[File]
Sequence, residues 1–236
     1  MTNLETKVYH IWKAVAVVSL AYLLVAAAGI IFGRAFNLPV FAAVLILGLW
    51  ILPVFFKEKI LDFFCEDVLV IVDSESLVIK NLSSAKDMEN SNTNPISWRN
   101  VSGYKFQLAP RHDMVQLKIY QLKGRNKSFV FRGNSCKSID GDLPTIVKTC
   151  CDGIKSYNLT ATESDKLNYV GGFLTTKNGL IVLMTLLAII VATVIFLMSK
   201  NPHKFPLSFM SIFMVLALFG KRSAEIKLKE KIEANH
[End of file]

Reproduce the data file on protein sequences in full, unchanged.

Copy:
Sequence, residues 1–236
     1  MTNLETKVYH IWKAVAVVSL AYLLVAAAGI IFGRAFNLPV FAAVLILGLW
    51  ILPVFFKEKI LDFFCEDVLV IVDSESLVIK NLSSAKDMEN SNTNPISWRN
   101  VSGYKFQLAP RHDMVQLKIY QLKGRNKSFV FRGNSCKSID GDLPTIVKTC
   151  CDGIKSYNLT ATESDKLNYV GGFLTTKNGL IVLMTLLAII VATVIFLMSK
   201  NPHKFPLSFM SIFMVLALFG KRSAEIKLKE KIEANH